18/05: The name of the rose


By Huma Yusuf

The oft-quoted phrase about roses by any other name smelling as sweet sometimes bears recollection. Indeed, synonyms, euphemisms, and metaphors can make reality a tad more palatable, but language cannot alter the facts. And so it was with international media coverage of the events that unfolded in Karachi over the weekend. Actions that were initially being described as rallies, demonstrations, calls for democracy, activism, protests, and initiatives for democratic participation were soon identified more accurately as clashes, showdowns, and, simply, violence. When stripped of its rhetorical and politicised garb, the mayhem that left 41 people dead, paralysed the city for three days, damaged urban infrastructure, and compromised press freedom, can only be referred to as unfettered, senseless violence. In this context, I would argue that there's a value to depicting things exactly as they are. After all, speaking in tongues never helped anyone fumble towards moral clarity or sound judgement.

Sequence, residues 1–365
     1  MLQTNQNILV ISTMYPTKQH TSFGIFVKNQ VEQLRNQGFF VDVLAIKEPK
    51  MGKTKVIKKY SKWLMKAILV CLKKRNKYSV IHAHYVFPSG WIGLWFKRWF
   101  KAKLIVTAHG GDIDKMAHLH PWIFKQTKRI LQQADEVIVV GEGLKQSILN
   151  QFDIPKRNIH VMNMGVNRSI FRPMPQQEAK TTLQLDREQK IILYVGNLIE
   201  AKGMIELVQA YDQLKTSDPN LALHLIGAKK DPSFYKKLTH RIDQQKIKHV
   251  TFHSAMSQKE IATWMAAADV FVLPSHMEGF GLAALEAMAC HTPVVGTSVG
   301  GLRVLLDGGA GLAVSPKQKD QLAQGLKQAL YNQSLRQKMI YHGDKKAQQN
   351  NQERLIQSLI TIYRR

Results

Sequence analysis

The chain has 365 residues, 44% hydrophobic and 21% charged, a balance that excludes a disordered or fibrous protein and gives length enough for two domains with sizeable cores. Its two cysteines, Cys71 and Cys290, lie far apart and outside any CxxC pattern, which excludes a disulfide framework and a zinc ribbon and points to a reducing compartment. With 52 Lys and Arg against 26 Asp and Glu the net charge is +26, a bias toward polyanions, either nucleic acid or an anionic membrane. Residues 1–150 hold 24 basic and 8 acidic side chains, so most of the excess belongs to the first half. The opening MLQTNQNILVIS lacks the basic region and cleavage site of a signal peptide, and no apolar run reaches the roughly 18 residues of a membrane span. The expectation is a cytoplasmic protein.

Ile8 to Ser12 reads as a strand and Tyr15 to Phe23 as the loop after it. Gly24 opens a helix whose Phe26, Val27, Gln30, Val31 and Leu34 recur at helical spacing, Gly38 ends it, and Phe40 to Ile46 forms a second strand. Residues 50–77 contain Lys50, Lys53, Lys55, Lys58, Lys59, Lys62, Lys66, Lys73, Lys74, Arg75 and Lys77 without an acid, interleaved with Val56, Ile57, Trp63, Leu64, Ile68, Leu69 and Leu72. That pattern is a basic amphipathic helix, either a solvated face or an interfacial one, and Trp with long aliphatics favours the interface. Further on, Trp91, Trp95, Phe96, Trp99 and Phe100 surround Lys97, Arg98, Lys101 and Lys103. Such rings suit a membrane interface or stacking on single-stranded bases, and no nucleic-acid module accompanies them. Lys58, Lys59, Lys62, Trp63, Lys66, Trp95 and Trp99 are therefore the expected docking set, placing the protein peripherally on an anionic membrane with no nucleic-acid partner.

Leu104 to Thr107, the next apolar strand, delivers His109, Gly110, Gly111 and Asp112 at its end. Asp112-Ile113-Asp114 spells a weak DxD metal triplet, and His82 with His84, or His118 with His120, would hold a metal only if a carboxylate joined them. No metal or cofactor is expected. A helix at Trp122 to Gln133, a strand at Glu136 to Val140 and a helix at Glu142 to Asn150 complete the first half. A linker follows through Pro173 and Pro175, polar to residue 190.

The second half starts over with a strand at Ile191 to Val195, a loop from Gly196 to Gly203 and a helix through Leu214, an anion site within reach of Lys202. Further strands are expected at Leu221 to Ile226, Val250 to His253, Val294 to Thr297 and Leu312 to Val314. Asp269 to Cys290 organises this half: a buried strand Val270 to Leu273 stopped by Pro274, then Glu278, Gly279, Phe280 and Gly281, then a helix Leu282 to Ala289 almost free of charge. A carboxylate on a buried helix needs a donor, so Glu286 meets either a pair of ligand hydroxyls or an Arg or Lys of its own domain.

Student activists at Harvard University in Cambridge, Massachusetts, recently exemplified the idea that describing something for what it was could lead to increased fairness and ethical decision-making. The Alliance for Justice in the Middle East (AJME), a student group, is campaigning against Harvard's policy of admitting and hiring people who boast public, well-documented records of war crimes and human rights abuses. The students are calling for the university to screen for human rights violations as part of its admissions and hiring procedures. As of now, AJME's website identifies seven "abusers" who are -- or soon will be -- in a position to describe themselves as "Harvard-trained".

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